Waters Technologies Corporation v. Aurora SFC Systems Inc., No. 1:2011cv00708 - Document 184 (D. Del. 2017)

Court Description: MEMORANDUM ORDER GRANTING-IN-PART and DENYING-IN-PART the MOTION to Dismiss (D.I. 170 ). Signed by Judge Richard G. Andrews on 8/21/2017. (nms)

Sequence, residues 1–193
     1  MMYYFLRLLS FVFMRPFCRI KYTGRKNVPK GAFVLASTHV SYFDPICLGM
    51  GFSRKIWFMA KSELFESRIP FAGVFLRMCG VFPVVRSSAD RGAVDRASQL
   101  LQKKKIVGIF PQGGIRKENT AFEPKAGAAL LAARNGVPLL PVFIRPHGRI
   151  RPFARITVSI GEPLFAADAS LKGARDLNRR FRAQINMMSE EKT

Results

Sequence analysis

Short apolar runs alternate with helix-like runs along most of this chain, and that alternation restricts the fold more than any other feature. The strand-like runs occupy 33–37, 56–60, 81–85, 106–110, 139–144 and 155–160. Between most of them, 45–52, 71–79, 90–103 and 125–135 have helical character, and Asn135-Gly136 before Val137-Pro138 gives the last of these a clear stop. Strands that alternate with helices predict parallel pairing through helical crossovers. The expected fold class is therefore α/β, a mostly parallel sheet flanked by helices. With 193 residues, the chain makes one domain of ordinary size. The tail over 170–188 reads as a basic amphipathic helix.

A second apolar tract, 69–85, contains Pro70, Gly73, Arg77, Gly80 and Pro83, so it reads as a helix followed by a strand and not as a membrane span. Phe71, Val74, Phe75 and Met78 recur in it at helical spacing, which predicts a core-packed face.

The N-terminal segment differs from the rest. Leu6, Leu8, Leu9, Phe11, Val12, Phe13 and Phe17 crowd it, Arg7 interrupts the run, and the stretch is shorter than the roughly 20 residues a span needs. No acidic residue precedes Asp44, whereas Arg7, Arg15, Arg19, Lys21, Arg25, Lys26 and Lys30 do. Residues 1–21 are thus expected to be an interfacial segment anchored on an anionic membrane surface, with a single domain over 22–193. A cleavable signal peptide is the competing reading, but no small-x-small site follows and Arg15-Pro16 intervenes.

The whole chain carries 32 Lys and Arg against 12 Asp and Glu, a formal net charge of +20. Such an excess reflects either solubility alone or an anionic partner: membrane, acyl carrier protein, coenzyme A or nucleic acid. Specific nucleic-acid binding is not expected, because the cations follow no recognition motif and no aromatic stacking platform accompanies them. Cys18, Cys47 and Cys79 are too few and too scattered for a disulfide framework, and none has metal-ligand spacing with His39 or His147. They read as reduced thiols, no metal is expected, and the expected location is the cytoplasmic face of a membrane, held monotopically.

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Waters Technologies Corporation v. Aurora SFC Systems Inc. Doc. 184 IN THE UNITED STATES DISTRICT COURT FOR THE DISTRICT OF DELAWARE I l i WATERS TECHNOLOGIES CORPORATION, l i Plaintiff, I l Civil Action No. 11-708-RGA V. f AURORA SFC SYSTEMS INC., AGILENT TECHNOLOGIES, INC. f I Defendants. f t MEMORANDUM ORDER Presently before me is a motion to dismiss for failure to state a claim under Fed. R. Civ. P. l 2(b)(6) and lack of subject matter jurisdiction under Fed. R. Civ. P. 12(b)( 1) by Defendants Aurora SFC Systems, Inc. and Agilent Technologies, Inc. (collectively, "Defendants"). (D.I. 170). I have considered the parties' briefing. (D.I. 171; D.I. 177; D.I. 181). I held oral argument on July 10, 2017. I. BACKGROUND On August 11, 2011, Plaintiff Waters Technologies Corp. filed this action alleging that Defendant Aurora SFC Systems, Inc. infringed U.S. Patent Nos. 6,561,767 (the "'767 patent") and 6,648,609 (the '"609 patent"). (D.I. 1). On January 25, 2013, Plaintiff Waters filed an amended complaint adding Defendant Agilent to the case. (D.I. 150). The amended complaint asserts the following causes of action: (1) infringement of the '767 patent by Aurora, (2) infringement of the '609 patent by Aurora, (3) infringement of the '767 patent by Agilent, (4) infringement of the '609 patent by Agilent. (D.I. 150). Dockets.Justia.com I I I { On July 19, 2016, the USPTO cancelled all claims of the '767 patent. (D.I. 171-1at3). On October 14, 2016, the US PTO issued a inter partes reexamination certificate. The inter partes reexamination certificate cancelled claims 1, 2, 4, and 9-11 of the '609 patent; determined that claims 3, 5, and 6 were patentable as amended; determined that claims 7 and 8, as dependent on an amended claim, were patentable; and added new claims 12 and 13 (the "New Claims"). (D.I. 171-1 at 6). Amended claims 3, 5, 6, 7 and 8 (the "Amended Claims") include a differential pressure transducer, a limitation that is at least not expressly present in their respective original claims. (Compare D.I. 171-1 at 6, with D.I. 150 at 35). The New Claims also include a differential pressure transducer and the additional limitation "wherein the flow stream comprises C02." (D.I. 171-1 at 6). The C02 limitation appeared in none of the original claims. (Compare D.I. 171-1at6, with D.I. 150 at 35). Original, and now cancelled, claim 4 expressly contained the differential pressure transducer limitation. (D.I. 150 at 35). II. LEGALSTANDARD Rule 8 requires a complainant to provide "a short and plain statement of the claim showing that the pleader is entitled to relief .... " Fed. R. Civ. P. 8(a)(2). Rule 12(b)(6) allows the accused party to bring a motion to dismiss the claim for failing to meet this standard. A Rule 12(b)(6) motion may be granted only if, accepting the well-pleaded allegations in the complaint as true and viewing them in the light most favorable to the complainant, a court concludes that those allegations "could not raise a claim of entitlement to relief." Bell At!. Corp. v. Twombly, 550 U.S. 544, 558 (2007). "Though 'detailed factual allegations' are not required, a complaint must do more than simply provide 'labels and conclusions' or 'a formulaic recitation of the elements of a cause of action."' Davis v. Abington Mem 'l Hosp., 765 F .3d 236, 241 (3d Cir. 2014) (quoting Twombly, 2 i I 550 U.S. at 555). I am "not required to credit bald assertions or legal conclusions improperly alleged in the complaint." Jn re Rockefeller Ctr. Props., Inc. Sec. Litig., 311F.3d198, 216 (3d Cir. 2002). A complaint may not be dismissed, however, "for imperfect statement of the legal theory supporting the claim asserted." See Johnson v. City ofShelby, 135 S. Ct. 346, 346 (2014). A complainant must plead facts sufficient to show that a claim has "substantive plausibility." Id at 347. That plausibility must be found on the face of the complaint. Ashcroft v. Iqbal, 556 U.S. 662, 678 (2009). "A claim has facial plausibility when the [complainant] pleads factual content that allows the court to draw the reasonable inference that the [accused] is liable for the misconduct alleged." Id Deciding whether a claim is plausible will be a "contextspecific task that requires the reviewing court to draw on its judicial experience and common sense." Id at 679. III. DISCUSSION Defendants argue that the '767 claims should be dismissed because the claims of the '767 patent were cancelled. Counts I and III of the amended complaint are dismissed in light of Plaintiffs stipulation. (D.I. 177 at p. 8). Defendants argue that under either the first or second paragraph of 35 U.S.C. § 252, the '609 patent should be dismissed as failing to state a claim under Rule 12(b)(6) and as moot under Rule 12(b)(l). The language of 35 U.S.C. § 252 is as follows. The surrender of the original patent shall take effect upon the issue of the reissued patent, and every reissued patent shall have the same effect and operation in law, on the trial of actions for causes thereafter arising, as if the same had been originally granted in such amended form, but in so far as the claims of the original and reissued patents are substantially identical, such surrender shall not affect any action then pending nor abate any cause of action then existing, and the reissued patent, to the extent that its claims are substantially identical with the original patent, shall constitute a continuation thereof and have effect continuously from the date of the original patent. 3 A reissued patent shall not abridge or affect the right of any person or that person's successors in business who, prior to the grant of a reissue, made, purchased, offered to sell, or used within the United States, or imported into the United States, anything patented by the reissued patent, to continue the use of, to offer to sell, or to sell to others to be used, offered for sale, or sold, the specific thing so made, purchased, offered for sale, used, or imported unless the making, using, offering for sale, or selling of such thing infringes a valid claim of the reissued patent which was in the original patent. The court before which such matter is in question may provide for the continued manufacture, use, offer for sale, or sale of the thing made, purchased, offered for sale, used, or imported as specified, or for the manufacture, use, offer for sale, or sale in the United States of which substantial preparation was made before the grant of the reissue, and the court may also provide for the continued practice of any process patented by the reissue that is practiced, or for the practice of which substantial preparation was made, before the grant of the reissue, to the extent and under such terms as the court deems equitable for the protection of investments made or business commenced before the grant of the reissue. 35 U.S.C. § 252. The first paragraph of 35 U.S.C. § 252 "restricts a patentee's ability to enforce the patent's original claims to those claims that survive reexamination in 'identical' form." Fresenius USA, Inc. v. Baxter Int'!, Inc., 721F.3d1330, 1339 (Fed. Cir. 2013). "A patentee ofa reexamined patent is entitled to infringement damages, inter alia, for the period between the date of issuance of the original claims and the date of issuance of the reexamined claims if the original and reexamined claims are 'identical."' Laitram Corp. v. NEC Corp., 163 F.3d 1342, 1346 (Fed. Cir. 1998). "Reexamined claims are 'identical' to their original counterparts if they are 'without substantive change."' Id. "Furthermore, in determining whether substantive changes have been made, we must discern whether the scope of the claims are identical, not merely whether different words are used." Id. "If substantive changes have been made to the original claims, the patentee is entitled to infringement damages only for the period following the issuance of the reexamination certificate." Id. Courts look to "whether any conceivable process would infringe the amended claim, but not infringe the original claim." Predicate Logic, Inc. v. Distributive Software, Inc., 544 F.3d 1298, 1303 (Fed. Cir. 2008). 4 I "The second paragraph of section 252 provides for two separate and distinct defenses under the doctrine of intervening rights: 'absolute' intervening rights and 'equitable' intervening rights." BIC Leisure Prod., Inc. v. Windsurfing Int'!, Inc., 1F.3d1214, 1220 (Fed. Cir. 1993). "The paragraph consists of two sentences which address two distinct situations and provide two different types of protection." Id. "The first sentence defines 'absolute' intervening rights. Id. "This sentence provides an accused infringer with the absolute right to use or sell a product that was made, used, or purchased before the grant of the reissue patent as long as this activity does not infringe a claim of the reissue patent that was in the original patent." Id. at 1220-21. "This absolute right extends only to anything made, purchased, or used before the grant of the reissue patent. In other words, it covers products already made at the time of reissue." Id. at 1221. "The second sentence of the second paragraph of section 252 defines 'equitable' intervening rights." Id. "By its terms, this sentence provides for the court to grant much broader rights than does the first sentence." Id. "The second sentence permits the continued manufacture, use, or sale of additional products covered by the reissue patent when the defendant made, purchased, or used identical products, or made substantial preparations to make, use, or sell identical products, before the reissue date." Id. I understand the second paragraph to extend to reexamination. See Fresenius, 721 F.3d at 1336 ("[T]he reexamination statute provides that reexamined claims 'have the same effect [in pending litigation] as that specified in§ 252 of this title for reissued patents.'"). As a preliminary matter, Plaintiff argues that assertion of 35 U.S.C. § 252 is an affirmative defense that Defendants cannot rely on at this stage of the case. "[A]n affirmative defense may be raised on a 12(b)(6) motion ifthe predicate establishing the defense is apparent from the face of the complaint." Bethel v. Jendoco Constr. Corp., 570 F.2d 1168, 1174 n.10 (3d 5 Cir. 1978). It is permissible to also consider "matters of which a court may take judicial notice." Tellabs, Inc. v. Makar Issues & Rights, Ltd., 551 U.S. 308, 322 (2007). Because I take judicial notice of the inter partes reexamination certificate, consideration of this defense is appropriate. See Fed. R. Evid. 201; Standard Havens Prod., Inc. v. Gencor Indus., Inc., 897 F.2d 511, 514 n.3 (Fed. Cir. 1990) ("[W]e take judicial notice of the 'adjudicative fact' of the January 8, 1990, first office action on reexamination .... "). As currently pied, with respect to the first paragraph of 35 U.S.C. § 252, it is not plausible that a substantive limitation was not added to the Amended Claims. None of the Amended Claims that came out of reexamination had a differential pressure transducer limitation in their original counterparts. See Forte! Corp. v. Phone-Mate, Inc., 825 F.2d 1577, 1580 (Fed. Cir. 1987) ("The nearest Fortel comes to the issue on appeal lies in its passing suggestions that it did not intend its amendments to create a substantive difference and that the amendments are similar to limitations in cancelled claim 9 and original claim 10. Neither suggestion establishes that amended claim 8 is substantively identical to any original claim." (emphasis added)). That the limitation was expressly provided in claim 4 strongly suggests that this was not inherent in the original counterparts of the Amended Claims. It is "conceivable" that a product that did not have a differential pressure transducer would not infringe the Amended Claims whereas it would infringe their original counterparts. See Predicate Logic, 544 F.3d at 1303. Plaintiff does not argue that the claim scope was not substantively changed. Plaintiff only argues that this decision is premature absent claim construction and discovery. I disagree. At this stage, it is not plausible to infer that there were no substantive changes made. I am not persuaded that claim construction or discovery would make a difference. Thus, Plaintiff has failed to state a claim under 12(b)( 6), but only with respect to allegations of infringement prior to 6 October 14, 2016. Allegations of infringement prior to October 14, 2016 are also moot under 12(b)(l). See Fresenius, 721 F.3d at 1340 ("[I]n general, when a claim is cancelled, the patentee loses any cause of action based on that claim, and any pending litigation in which the claims are asserted becomes moot."). Allegations of infringement from October 14, 2016 onwards that violate Defendants' absolute intervening rights are also dismissed. I decline to reach the issue of equitable intervening rights at this stage of the litigation. I decline to otherwise dismiss allegations of infringement from October 14, 2016 and onwards on reexamination grounds because ( 1) "claims that emerge from reexamination do not in and of themselves create a new cause of action that did not exist before" and (2) those allegations are not moot. See Senju Pharm. Co. v. Apotex Inc., 746 F.3d 1344, 1352 (Fed. Cir. 2014). Defendants argue that the complaint otherwise fails to plead sufficient facts for direct infringement, contributory infringement, induced infringement, and willful infringement of the '609 patent. I disagree. Given that the amended complaint was filed more than four years ago, I do not think it is proper to evaluate it under the December 1, 2015 amendments abrogating Form 18. It is plausible that Defendants sell the infringing product and components of an infringing product. It makes sense that because Defendants' customers use Defendants' device that Defendants induce them to do so. I think the allegations of willfulness are satisfactory given the allegations against Dr. Berger as inventor and infringer. Defendants argue that the '609 claims should be dismissed with respect to Aurora because Aurora has dissolved. I do not think it is appropriate to decide whether Aurora is a proper defendant at this stage of the proceedings. I also see no harm in proceeding with Aurora as a defendant. 7 IV. CONCLUSION For the reasons stated above, Defendant's Motion to Dismiss (D.I. 170) is GRANTEDIN-PART and DENIED-IN-PART. Counts I and III are DISMISSED AS MOOT by agreement. The allegations of infringement prior to October 14, 2016 in Counts II and IV are DISMISSED WITHOUT PREJUDICE. Allegations of infringement from October 14, 2016 onwards that violate Defendants' absolute intervening rights are DISMISSED WITHOUT PREJUDICE. The motion is otherwise DENIED. It is SO ORDERED day of August, 2017. 8